Wanda's Picks Radio Nov. 7, 2008
Today we were joined by Robert H. King, www.Angola3.org, author of a recent autobiography: "From the Bottom of the Heap;" Parnell Herbert, Deputy Min. of Justice, Millions More Movement/Houston: http://www.mmmhouston.net/loc/, Coalition for Justice (210) 732-8957 www.coalitionforjustice.net; and Geronimo ji jaga, former political prisoner, international human rights activist, Kuji Foundation http://www.kujifoundation.org They will be speaking about the case of Albert Woodfox, recently found innocent of all charges leveled at him over 30 years ago by the Louisiana judiciary October 8, yet he has not been released. For up to date information about Albert Woodfox's case call (504) 301-9292.
The international connection between revolutionary movements and subjugation, silencing and murder of African people worldwide in prisons is made by world-traveler, scholar and historian, Dr. Runoko Rashidi, who joins us briefly as he gets ready to journey to Rio de Janeiro for a conference next week.
The next guest is Sean San Jose, theatre director at Intersection for the Arts, the oldest alternative arts space in San Francisco, which is now staging, Dan Wolf's adaptation of Adam Mansbach novel by the same title, Angry Black White Boy. It's up Thursday-Sundays, through Nov. 16. Visit www.theintersection.org.
The show concludes with a conversation with friends and family about Obama 2008. We are joined by Mrs. Dolores Dixon a.k.a Mama Kyaé, her daughter Karen Oyekanmi; granddaughter, Sara Marie Prada, www.fallinlovephotography.com; arts activism and womanist, Sia Amma of Global Women Intact, who is hosting an African drum and dance conference which began Wednesday, Nov. 5, and continues through Sunday, Nov. 9. Artist, “Boundless Gratitude,” closes out the show with performance of a lovely song he wrote in October. It's kind of hard to hear so listeners are encouraged to visit http://boundlessgratitude.com/ for a free download.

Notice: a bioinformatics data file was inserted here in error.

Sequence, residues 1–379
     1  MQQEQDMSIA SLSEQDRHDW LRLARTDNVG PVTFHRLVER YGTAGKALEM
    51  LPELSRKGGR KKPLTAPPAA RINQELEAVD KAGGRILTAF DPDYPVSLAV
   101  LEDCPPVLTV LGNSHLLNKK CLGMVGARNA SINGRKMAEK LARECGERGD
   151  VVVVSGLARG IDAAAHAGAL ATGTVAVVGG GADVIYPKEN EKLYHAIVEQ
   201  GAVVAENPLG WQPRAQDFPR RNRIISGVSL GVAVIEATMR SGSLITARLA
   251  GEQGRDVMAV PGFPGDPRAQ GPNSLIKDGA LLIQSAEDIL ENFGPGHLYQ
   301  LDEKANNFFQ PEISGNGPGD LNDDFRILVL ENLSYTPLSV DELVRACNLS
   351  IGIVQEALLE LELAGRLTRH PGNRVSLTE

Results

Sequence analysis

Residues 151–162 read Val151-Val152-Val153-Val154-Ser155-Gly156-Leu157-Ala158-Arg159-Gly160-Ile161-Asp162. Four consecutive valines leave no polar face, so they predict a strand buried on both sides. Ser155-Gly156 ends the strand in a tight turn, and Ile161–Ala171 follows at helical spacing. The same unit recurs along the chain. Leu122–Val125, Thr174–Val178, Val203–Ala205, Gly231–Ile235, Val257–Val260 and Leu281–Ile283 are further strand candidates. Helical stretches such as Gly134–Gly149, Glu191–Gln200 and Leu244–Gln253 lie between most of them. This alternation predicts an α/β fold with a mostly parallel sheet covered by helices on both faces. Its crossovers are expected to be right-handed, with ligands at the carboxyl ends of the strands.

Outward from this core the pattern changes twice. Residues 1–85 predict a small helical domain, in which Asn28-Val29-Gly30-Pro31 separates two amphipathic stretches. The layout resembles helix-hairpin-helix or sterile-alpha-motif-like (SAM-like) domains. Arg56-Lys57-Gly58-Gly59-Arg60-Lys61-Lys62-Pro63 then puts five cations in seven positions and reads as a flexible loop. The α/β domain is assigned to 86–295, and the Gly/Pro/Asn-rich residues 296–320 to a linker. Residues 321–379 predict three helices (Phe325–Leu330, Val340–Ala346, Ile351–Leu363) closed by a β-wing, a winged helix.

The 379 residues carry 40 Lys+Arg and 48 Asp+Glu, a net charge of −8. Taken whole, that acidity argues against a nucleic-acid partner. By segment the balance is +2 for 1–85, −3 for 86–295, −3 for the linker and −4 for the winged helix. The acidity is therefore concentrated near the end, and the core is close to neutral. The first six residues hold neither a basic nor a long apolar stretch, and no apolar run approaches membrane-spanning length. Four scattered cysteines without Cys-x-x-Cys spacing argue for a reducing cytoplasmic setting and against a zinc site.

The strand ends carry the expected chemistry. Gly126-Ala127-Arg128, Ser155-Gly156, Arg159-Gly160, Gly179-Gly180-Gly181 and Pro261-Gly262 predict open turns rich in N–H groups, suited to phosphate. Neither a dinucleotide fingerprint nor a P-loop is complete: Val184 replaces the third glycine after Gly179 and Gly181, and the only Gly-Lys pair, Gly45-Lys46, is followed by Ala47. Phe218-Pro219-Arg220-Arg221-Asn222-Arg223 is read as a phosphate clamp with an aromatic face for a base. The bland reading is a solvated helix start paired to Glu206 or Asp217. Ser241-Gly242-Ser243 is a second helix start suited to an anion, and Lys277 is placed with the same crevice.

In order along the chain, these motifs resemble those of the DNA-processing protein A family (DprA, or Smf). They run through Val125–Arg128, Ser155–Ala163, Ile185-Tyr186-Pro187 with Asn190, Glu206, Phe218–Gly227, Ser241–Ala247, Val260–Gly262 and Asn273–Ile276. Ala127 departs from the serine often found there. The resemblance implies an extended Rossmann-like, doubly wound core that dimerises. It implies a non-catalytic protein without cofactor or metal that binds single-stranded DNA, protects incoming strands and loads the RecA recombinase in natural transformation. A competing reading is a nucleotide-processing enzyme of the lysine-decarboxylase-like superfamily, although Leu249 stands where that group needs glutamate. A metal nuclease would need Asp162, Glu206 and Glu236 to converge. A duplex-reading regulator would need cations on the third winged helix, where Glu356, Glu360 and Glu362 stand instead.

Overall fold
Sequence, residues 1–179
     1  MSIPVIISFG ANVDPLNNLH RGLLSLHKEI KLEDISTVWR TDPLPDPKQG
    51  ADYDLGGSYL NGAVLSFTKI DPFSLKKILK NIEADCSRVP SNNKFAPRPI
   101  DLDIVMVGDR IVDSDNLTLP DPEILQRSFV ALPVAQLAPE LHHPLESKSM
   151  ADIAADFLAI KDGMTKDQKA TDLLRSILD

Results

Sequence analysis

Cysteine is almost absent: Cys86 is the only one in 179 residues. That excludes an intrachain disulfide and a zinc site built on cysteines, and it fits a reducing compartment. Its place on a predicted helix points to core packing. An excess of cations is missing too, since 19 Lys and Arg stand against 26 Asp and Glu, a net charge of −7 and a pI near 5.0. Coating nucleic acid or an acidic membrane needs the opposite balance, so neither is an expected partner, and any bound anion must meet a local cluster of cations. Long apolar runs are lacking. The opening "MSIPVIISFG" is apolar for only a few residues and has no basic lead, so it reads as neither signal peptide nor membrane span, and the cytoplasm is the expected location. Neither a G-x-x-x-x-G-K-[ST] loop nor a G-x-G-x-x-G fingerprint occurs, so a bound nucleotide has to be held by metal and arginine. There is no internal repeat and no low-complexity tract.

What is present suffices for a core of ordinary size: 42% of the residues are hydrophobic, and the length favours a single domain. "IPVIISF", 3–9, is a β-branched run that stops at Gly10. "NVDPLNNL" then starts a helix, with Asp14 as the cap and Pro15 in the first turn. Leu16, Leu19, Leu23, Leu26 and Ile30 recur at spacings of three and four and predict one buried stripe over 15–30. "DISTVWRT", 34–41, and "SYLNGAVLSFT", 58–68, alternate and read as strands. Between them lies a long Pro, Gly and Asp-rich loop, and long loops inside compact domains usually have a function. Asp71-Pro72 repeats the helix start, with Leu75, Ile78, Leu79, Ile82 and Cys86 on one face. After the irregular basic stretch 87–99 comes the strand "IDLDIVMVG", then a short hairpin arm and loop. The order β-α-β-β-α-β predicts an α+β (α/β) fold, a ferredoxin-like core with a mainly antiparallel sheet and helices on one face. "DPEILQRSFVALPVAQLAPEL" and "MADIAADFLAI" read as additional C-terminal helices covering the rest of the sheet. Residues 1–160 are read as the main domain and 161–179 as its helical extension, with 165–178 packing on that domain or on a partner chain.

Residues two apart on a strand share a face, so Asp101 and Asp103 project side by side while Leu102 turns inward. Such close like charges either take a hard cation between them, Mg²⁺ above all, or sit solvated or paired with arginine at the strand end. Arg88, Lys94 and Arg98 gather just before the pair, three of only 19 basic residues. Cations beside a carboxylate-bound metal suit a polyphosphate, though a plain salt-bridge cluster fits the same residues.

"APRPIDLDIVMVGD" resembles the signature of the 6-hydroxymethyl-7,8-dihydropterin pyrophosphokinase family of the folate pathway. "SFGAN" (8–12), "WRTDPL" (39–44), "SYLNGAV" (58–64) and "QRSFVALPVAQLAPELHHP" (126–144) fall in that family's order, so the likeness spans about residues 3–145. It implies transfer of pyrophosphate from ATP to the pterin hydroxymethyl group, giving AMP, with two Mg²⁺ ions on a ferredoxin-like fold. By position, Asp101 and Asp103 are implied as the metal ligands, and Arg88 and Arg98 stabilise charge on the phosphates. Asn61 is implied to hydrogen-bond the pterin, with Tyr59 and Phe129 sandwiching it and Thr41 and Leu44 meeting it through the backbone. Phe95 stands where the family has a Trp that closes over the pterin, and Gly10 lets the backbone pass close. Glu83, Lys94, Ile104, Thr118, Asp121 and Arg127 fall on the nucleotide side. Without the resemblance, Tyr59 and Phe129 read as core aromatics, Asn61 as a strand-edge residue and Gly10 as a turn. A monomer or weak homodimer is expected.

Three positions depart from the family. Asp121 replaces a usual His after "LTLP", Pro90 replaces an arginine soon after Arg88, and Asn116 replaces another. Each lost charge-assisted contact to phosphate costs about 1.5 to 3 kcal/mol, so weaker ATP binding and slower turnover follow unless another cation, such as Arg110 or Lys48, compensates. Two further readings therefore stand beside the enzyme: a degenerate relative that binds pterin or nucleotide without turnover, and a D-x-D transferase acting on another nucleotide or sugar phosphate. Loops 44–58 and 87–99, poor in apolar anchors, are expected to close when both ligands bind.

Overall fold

Wednesday, Nov. 12, we'll continue our conversation on Albert Woodfox's case and then Friday, Nov. 14, we'll hear what the result of the 11/12 hearing. Send letters to newspapers like the Baton Rouge Advocate: www.theadvocate.com and the Times Picayune: http://www.timespicayune.com/ rejecting the judicial malaise in this brother's case and that of Herman Wallace also. It is time they were released. It's urgent. The state has no case! You can also write letters of encouragement and support to Albert and Herman at this time when judicial malaise and attention to procedural guidelines are slowing the process and continuing the torture these men have been subject to collectively. If we add Robert King's time incarcerated, 31 years, 29 years in solitary confinement, to Woodfox and Wallace's 31 in solitary, 32-3-plus years—it is over 100 years collectively—this is cruel and not unusual punishment, if one asks any black man in America. However the fact that it is typical, is definite cause for its abolishment.